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Review: Emily – “Stunning visuals of the Yorkshire countryside”

The middle of three surviving sisters in her family, which also includes published writers Charlotte and Anne, Emily Brontë became famous for writing Wuthering Heights.  The novel was first published in 1847 under the pseudonym Ellis Bell, since at the time of course it would have been inappropriate for a woman to write such a book.  She died a year later, never knowing that her book would become a literary classic, nor that she would find generations of fame for its pages.  

So one cannot blame actor Frances O’Connor (Mansfield Park, TV’s Mr. Selfridge amongst many credits) for being interested in the author.  She makes her directorial debut with Emily, for which she also penned the screenplay.  The film makes no claims to being biographical, though it does use a few known facts about Brontë to anchor the imagined story of the writer’s life.  

For a fictionalized version though, Emily doesn’t push boundaries, feeling relatively tame despite a somewhat forbidden romance between its titular character played by Emma Mackey (Sex Education) and a handsome clergyman, William Weightman (Oliver Jackson-Cohen).  Considering the scandalous nature of the relationship between Wuthering Heights’ characters Catherine and Heathcliffe, the love story of Emily and William feels a little uninspired.  

What their relationship does do however is give Emily a bit more focus, gives the audience something to root for.  Until this point, we really see Emily telling stories with younger sister Anne (Amelia Gething) or trying to follow in the teacher footsteps of older sister Charlotte (Alexandra Dowling).  The real love of Emily’s life, her kindred spirit, is her older brother Branwell (Fionn Whitehead) whom she joins on many mischievous adventures around their town in Yorkshire.  She seems to admire his rebellious nature, his ability to emote and create.  She joins him atop a hill yelling “Freedom in thought!” at the top of their lungs, a phrase she later writes upon her arm to match her sibling’s tattoo.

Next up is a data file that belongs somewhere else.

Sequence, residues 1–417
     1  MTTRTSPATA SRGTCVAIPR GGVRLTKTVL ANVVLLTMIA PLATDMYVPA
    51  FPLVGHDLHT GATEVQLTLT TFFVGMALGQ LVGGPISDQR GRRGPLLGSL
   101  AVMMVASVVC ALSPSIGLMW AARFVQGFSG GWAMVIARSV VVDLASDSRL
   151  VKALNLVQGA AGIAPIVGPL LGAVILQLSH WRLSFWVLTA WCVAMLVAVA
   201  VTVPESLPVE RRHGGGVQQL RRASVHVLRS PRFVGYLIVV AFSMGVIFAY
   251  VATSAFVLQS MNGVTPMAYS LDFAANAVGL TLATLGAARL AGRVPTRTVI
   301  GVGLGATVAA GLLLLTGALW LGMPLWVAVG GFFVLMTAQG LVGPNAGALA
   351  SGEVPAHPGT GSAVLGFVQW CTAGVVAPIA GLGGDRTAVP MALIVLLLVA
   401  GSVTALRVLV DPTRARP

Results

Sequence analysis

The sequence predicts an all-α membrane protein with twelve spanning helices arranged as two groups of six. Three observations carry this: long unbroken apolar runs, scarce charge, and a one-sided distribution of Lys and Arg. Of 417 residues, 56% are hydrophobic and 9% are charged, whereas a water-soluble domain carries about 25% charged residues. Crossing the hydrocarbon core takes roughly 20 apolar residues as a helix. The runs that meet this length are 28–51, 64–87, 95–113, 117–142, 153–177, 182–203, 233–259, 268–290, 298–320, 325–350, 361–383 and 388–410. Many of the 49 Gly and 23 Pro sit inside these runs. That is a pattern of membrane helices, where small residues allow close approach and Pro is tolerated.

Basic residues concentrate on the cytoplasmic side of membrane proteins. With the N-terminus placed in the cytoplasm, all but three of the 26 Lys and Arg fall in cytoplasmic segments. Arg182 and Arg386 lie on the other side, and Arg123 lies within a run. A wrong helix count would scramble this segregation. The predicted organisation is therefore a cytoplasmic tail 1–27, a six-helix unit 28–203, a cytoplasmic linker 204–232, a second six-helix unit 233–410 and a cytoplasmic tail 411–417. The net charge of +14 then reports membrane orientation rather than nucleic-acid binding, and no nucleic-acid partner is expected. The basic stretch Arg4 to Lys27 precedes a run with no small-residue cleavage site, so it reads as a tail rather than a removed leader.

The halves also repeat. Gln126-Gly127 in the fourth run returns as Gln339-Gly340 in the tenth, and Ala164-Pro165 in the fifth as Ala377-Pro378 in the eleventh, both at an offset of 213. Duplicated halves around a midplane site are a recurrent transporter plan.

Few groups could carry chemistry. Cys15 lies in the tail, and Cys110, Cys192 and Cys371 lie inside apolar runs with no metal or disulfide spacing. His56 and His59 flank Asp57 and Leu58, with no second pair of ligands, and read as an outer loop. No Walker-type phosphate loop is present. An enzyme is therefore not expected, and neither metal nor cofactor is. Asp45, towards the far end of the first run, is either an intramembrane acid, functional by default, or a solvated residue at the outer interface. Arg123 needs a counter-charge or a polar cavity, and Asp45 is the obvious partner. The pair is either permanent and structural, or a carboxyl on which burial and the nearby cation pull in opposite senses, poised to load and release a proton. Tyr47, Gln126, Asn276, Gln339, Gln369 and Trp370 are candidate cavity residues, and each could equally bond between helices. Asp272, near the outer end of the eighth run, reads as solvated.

Emily is unable to get the approval of her reverend father, who seems constantly disappointed in her.  Indeed the entire town sees her as ‘the strange one,’ as Charlotte brazenly informs her.  She is ever haunted by the death of her mother, ever stifled by the environment that continues to confine her, even as she is submersed in the Yorkshire countryside, wide and open. 

O’Connor, along with cinematographer Nanu Segal, does make Emily look beautiful, making those Yorkshire hills a character all their own, even despite the rain that so frequently dampens their splendour.  Accompanied by a beautiful score from Abel Korzeniowski, a mix of instrumental and choral work, Emily has the feel of a typical large-scale period epic.  Yet despite excellent performances including a very game Emma Mackey, Emily just feels like it’s not terribly memorable for all its well-constructed pieces.  For an imagined version of Brontë’s story, it doesn’t take full advantage of its artistic license.  

O’Connor here tries to create a groundwork of inspiration for the author’s greatest work, though concentrating on the romance between Weightman and Brontë, instead of the family itself, seems more a cinematic decision; something that might have been expected instead of something that fit in with the true spirit of Emily.  Surely this love story, which follows the typical pattern of most romances, is lovely and well-executed.  But, while not true to real life, the film needn’t suggest that Brontë required such a relationship to motivate and influence Wuthering Heights.  Instead, there was plenty of inspiration to be found in the characters that did exist within the Brontë home, and all the intricacies of their relationships.  

At the end of Emily, Charlotte admonishes her sister’s crowning achievement, “It’s an ugly book, full of selfish people that only care for themselves.”  Emily simply replies, “Good,” knowing she has created exactly what she set out to write, and that a feeling of freedom was best achieved through this expression.  These moments between the siblings truly highlight Emily’s essence – the push and pull between her and Charlotte, the love and rebellious nature she shares with Branwell – this is where Emily truly shines.  That story explored further, amongst the stunning visuals of the Yorkshire countryside, may have been more compelling, may have been where the spirit of Brontë and her work truly lies.  

Emily is in North American theatres starting February 17, 2023.

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